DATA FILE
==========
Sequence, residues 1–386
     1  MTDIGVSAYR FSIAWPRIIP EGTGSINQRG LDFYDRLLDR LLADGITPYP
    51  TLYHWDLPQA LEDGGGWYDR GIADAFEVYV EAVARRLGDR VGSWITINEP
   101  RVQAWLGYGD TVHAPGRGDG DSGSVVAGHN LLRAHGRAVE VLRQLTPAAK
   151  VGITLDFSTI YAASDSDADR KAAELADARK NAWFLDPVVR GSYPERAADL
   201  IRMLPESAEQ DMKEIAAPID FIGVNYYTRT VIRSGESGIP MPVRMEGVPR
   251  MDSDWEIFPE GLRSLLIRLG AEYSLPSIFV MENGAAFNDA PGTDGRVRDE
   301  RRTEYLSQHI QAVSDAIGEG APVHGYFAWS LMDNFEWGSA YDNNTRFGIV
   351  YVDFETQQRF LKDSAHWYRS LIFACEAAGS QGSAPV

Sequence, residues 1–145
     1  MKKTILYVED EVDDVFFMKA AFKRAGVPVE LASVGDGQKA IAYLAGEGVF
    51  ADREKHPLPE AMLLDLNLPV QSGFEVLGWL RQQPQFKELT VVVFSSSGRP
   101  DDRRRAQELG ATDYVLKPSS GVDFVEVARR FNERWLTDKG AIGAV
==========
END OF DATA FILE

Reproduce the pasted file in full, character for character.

Sequence, residues 1–386
     1  MTDIGVSAYR FSIAWPRIIP EGTGSINQRG LDFYDRLLDR LLADGITPYP
    51  TLYHWDLPQA LEDGGGWYDR GIADAFEVYV EAVARRLGDR VGSWITINEP
   101  RVQAWLGYGD TVHAPGRGDG DSGSVVAGHN LLRAHGRAVE VLRQLTPAAK
   151  VGITLDFSTI YAASDSDADR KAAELADARK NAWFLDPVVR GSYPERAADL
   201  IRMLPESAEQ DMKEIAAPID FIGVNYYTRT VIRSGESGIP MPVRMEGVPR
   251  MDSDWEIFPE GLRSLLIRLG AEYSLPSIFV MENGAAFNDA PGTDGRVRDE
   301  RRTEYLSQHI QAVSDAIGEG APVHGYFAWS LMDNFEWGSA YDNNTRFGIV
   351  YVDFETQQRF LKDSAHWYRS LIFACEAAGS QGSAPV

Sequence, residues 1–145
     1  MKKTILYVED EVDDVFFMKA AFKRAGVPVE LASVGDGQKA IAYLAGEGVF
    51  ADREKHPLPE AMLLDLNLPV QSGFEVLGWL RQQPQFKELT VVVFSSSGRP
   101  DDRRRAQELG ATDYVLKPSS GVDFVEVARR FNERWLTDKG AIGAV